Shares of Valero Energy (NYSE: VLO ) hit a 52-week high yesterday. Let's take a look at how it got here to find out whether there are still clear skies ahead.
How it got here
Valero's been one of the refining industry's best performers over the past year. Much of that growth occurred, oddly enough, after what seemed like a weak, first-quarter-earnings report. The company's divestiture of an unprofitable Caribbean refinery seems to have sparked renewed investor interest, as the stock's been on a tear, returning 16% since the day of its earnings report:
Although HollyFrontier (NYSE: HFC ) and recent spinoff Phillips 66 (NYSE: PSX ) have outperformed Valero in that time frame, the 52-week period really shows how far Valero's pulled away from the pack.
These gains have brought Valero's stock price even with its tangible book value, as it was trading at a discount before its current run-up. Is this optimism justified? Let's dig into some key numbers to figure it out.
What you need to know
None of these refiners have exceptional net margins, but Valero's are the weakest. Its net income has been highly variable over the years as well, owing to the whipsaw action of oil prices in the past decade. I'll explain its income fluctuations in a moment, but let's take a look at the numbers first:
Price to Free Cash Flow
Net Margin (TTM)
3-Year Annualized Income Growth
|Hess (NYSE: HES )||13.3||NM||3.4%||19.4%|
|CVR Energy (NYSE: CVI )||8.5||6.6||4.6%||64.1%|
Source: Morningstar. NM = not material due to negative results.
Five years ago, Valero's net margin was 5.5%. Margins didn't return to full single digits until 2011, and even then they were razor-thin. Contrast that with its competitors and that looks a bit inadequate.
Only Hess has a higher P/E and a worse price-to-free-cash-flow ratio (on account of extremely high capital spending) -- no wonder it's the worst performer. CVR Energy has been the target of corporate raider Carl Icahn, who might break up the company into more profitable parts. Phillips might be a recent spinoff, but it's still the largest independent refiner in the United States, and it does look quite cheap compared to its peers.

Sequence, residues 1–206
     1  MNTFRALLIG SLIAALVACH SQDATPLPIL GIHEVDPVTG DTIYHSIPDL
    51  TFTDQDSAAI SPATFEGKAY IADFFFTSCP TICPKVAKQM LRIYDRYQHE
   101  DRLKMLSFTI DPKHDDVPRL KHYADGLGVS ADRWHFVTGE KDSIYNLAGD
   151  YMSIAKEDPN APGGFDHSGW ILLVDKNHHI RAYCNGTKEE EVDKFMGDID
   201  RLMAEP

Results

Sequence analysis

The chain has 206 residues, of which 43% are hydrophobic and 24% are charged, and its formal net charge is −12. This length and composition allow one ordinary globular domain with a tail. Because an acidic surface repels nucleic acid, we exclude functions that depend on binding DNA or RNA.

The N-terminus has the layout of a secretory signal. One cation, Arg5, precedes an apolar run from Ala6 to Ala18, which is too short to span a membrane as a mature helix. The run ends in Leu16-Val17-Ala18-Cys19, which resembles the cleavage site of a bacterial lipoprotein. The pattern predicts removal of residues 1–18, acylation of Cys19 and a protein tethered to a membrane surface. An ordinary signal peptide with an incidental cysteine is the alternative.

Valero's gains seem less deserved than those of its peers, unless you happen to believe that it deserves a premium valuation for bargain-bin margins. Its recent refinery sale might improve those margins, but will that be enough to change it from "slightly higher than average" to "more upside ahead?" The price of oil will also be important. A barrel now sells at the low end of its two-year range, and the global economy may pressure it lower still before a rebound:
Where does Valero go from here? The price of oil is going to be a big driver, but the company's also got to improve its efficiency and turn around the unprofitable refineries in its network. These gains may not last long without some signal that oil prices and oil demand are back on the upswing.
The Motley Fool's CAPS community has given Valero a five-star rating, with 96% of our CAPS players expecting the company to continue to outperform.
Interested in tracking this stock as it continues on its path? Add Valero to your Watchlist now, for all the news we Fools can find, delivered to your inbox as it happens. Valero's won't be the only stock to grow from oil price increases -- in fact, other companies might wind up with even better gains. Find out more about the three stocks for $100 oil in The Motley Fool's popular free report. Click here to get the information you need, at no cost.